Tuesday, October 4, 2011

Greece has until mid-Nov to get bailout loans

Greece has enough money to service all its financial obligations, including paying salaries, pensions and bondholders, until mid-November, the finance minister said Tuesday, as markets fell on fears the country could eventually default.
Greece had previously said it would start running out of money in mid-October if it didn't get the next €8 billion ($11 billion) installment of its €110 billion bailout package, from other eurozone countries and the International Monetary Fund on which it has been relying since May 2010.
But Venizelos sought to reassure Greeks and investors that the country has more breathing space.
"Until mid-November it is clear there will be no problem," said Venizelos, who returned from a eurozone finance ministers' meeting in Luxembourg early Tuesday.
At the meeting, the ministers indicated that while Greece would get the next batch of loans, that decision would not be made until later this month, after the international debt inspectors currently in Athens complete their review of Greece's reforms.
The inspectors from the IMF, European Central Bank and European Commission, collectively known as the troika, had suspended their review for several weeks in September amid concern over delayed implementation of austerity measures and missed targets. They returned to Athens late last month, and are continuing negotiations over reforms.
The delay had raised the possibility that Greece would run out of money to pay salaries and pensions. If it had found itself unable to pay bondholders, a messy default could have roiled financial markets across the world.
To convince the troika that it should get the next bailouts loans, the Greek government announced a series of new measures, including extra taxes on property, and began pushing through plans to suspend tens of thousands of civil servants on reduced pay.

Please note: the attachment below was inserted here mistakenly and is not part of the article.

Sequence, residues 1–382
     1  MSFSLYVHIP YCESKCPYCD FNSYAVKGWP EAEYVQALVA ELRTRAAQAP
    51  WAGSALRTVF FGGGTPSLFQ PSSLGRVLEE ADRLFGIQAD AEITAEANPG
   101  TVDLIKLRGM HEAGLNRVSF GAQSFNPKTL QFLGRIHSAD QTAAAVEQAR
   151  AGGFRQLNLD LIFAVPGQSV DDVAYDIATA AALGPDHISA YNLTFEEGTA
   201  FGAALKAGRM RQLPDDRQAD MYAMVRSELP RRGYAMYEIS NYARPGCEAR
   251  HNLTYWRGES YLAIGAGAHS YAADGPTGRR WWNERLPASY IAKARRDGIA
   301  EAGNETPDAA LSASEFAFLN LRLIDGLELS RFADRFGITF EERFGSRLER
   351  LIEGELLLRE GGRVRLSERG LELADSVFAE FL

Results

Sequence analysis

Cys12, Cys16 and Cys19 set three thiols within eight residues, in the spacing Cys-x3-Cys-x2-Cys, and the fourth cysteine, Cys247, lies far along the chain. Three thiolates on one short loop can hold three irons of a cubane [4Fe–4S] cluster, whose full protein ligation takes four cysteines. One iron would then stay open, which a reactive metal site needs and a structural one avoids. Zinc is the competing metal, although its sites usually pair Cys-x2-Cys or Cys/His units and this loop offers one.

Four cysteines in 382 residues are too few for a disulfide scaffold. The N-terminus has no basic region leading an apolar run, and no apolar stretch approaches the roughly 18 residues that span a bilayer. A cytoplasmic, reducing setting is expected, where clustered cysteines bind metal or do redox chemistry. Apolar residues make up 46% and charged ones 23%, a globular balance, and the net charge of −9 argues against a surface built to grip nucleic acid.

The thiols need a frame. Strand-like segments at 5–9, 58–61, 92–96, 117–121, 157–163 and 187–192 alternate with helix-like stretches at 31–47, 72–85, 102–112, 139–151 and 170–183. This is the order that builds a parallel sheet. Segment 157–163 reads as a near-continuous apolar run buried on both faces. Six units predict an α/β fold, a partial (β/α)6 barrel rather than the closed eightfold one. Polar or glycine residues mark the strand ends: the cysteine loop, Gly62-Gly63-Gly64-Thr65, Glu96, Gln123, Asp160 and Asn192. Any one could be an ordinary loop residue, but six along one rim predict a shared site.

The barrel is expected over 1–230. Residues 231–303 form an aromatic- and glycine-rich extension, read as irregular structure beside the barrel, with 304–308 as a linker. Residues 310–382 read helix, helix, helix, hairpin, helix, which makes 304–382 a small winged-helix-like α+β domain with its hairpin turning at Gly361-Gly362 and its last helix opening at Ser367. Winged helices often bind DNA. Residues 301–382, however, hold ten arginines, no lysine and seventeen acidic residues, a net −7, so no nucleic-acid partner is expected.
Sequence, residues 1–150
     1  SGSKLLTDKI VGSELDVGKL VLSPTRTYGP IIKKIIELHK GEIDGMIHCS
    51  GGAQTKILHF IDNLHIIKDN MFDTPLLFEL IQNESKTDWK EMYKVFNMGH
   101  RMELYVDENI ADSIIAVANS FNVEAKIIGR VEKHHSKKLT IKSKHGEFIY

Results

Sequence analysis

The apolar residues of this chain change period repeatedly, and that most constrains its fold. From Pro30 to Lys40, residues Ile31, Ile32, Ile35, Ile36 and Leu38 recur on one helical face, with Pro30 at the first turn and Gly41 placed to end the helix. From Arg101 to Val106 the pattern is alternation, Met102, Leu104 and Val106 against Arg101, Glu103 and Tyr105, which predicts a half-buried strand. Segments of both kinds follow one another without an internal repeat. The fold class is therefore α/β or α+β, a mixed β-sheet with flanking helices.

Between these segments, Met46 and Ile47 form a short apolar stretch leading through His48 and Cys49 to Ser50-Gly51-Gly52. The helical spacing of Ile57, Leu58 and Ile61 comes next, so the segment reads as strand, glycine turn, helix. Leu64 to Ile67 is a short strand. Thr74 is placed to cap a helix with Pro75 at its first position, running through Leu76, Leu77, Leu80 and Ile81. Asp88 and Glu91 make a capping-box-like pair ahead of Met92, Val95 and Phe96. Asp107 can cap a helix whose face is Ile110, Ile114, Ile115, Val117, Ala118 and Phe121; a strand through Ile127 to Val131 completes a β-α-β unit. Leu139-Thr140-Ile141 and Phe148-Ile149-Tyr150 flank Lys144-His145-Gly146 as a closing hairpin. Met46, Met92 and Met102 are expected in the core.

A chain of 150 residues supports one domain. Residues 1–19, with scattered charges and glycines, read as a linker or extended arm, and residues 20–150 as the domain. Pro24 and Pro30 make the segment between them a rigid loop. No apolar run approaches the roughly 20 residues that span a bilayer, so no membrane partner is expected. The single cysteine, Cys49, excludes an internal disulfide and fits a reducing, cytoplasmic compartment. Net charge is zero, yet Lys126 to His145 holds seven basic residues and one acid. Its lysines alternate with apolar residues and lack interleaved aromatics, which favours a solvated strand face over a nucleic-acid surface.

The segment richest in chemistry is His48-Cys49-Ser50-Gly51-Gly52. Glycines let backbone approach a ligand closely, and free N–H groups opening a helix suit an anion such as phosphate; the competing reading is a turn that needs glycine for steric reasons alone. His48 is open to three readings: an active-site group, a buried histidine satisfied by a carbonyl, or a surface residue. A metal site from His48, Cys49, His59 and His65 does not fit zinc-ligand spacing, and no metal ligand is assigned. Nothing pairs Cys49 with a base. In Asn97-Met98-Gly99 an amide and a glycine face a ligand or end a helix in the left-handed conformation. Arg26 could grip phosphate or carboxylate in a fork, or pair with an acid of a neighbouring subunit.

But the measures have outraged Greeks who have had to endure more than a year and a half of austerity measures that have seen their incomes slashed and their living costs climb due to multiple tax hikes. Locked in a recession that is forecast to see the economy contract by 5.5 percent this year, even members of the government have voiced concern and said the public cannot face any more taxes.
Unions have responded with repeated demonstrations and strikes. They have taken over government buildings, forcing ministers to reschedule meetings with the troika on several occasions.
Venizelos, speaking at a press conference whose location had to be changed after protesting civil servants occupied the finance ministry, said the troika was discussing the outlook for 2013 and 2014 with the debt inspectors.
On Monday, the government submitted its 2012 budget to Parliament, with figures showing it had missed its deficit reduction targets for this year. The budget gap is expected to reach 8.5 percent of GDP, higher than the original target of 7.8 percent.
This could increase further to reach 9 percent if strikes and civil protests continue, weakening the implementation of reforms, Venizelos said.
He noted, however, that the country is projected to post a primary surplus — growth before the repayment of interest on outstanding debt is taken into account — next year.
Venizelos added that Greece will issue €880 million in bonds to Finland as collateral for the country's bailout loans to Athens under a second, €109 billion bailout deal agreed on in July. Finland had demanded guarantees in exchange for participating in the second package.
Other countries had threatened to demand similar guarantees if Finland got its way, but Venizelos said that no other eurozone states wanted the same collateral deal.
The minister insisted the Greek banking sector was completely safe, and that the ministry had received responses from all 57 countries it had sent letters of inquiry to over a bond swap deal that is part of the second bailout. He said the ministry was evaluating the responses.
Greece has said it would require a 90 percent participation rate in the bond swap...More.

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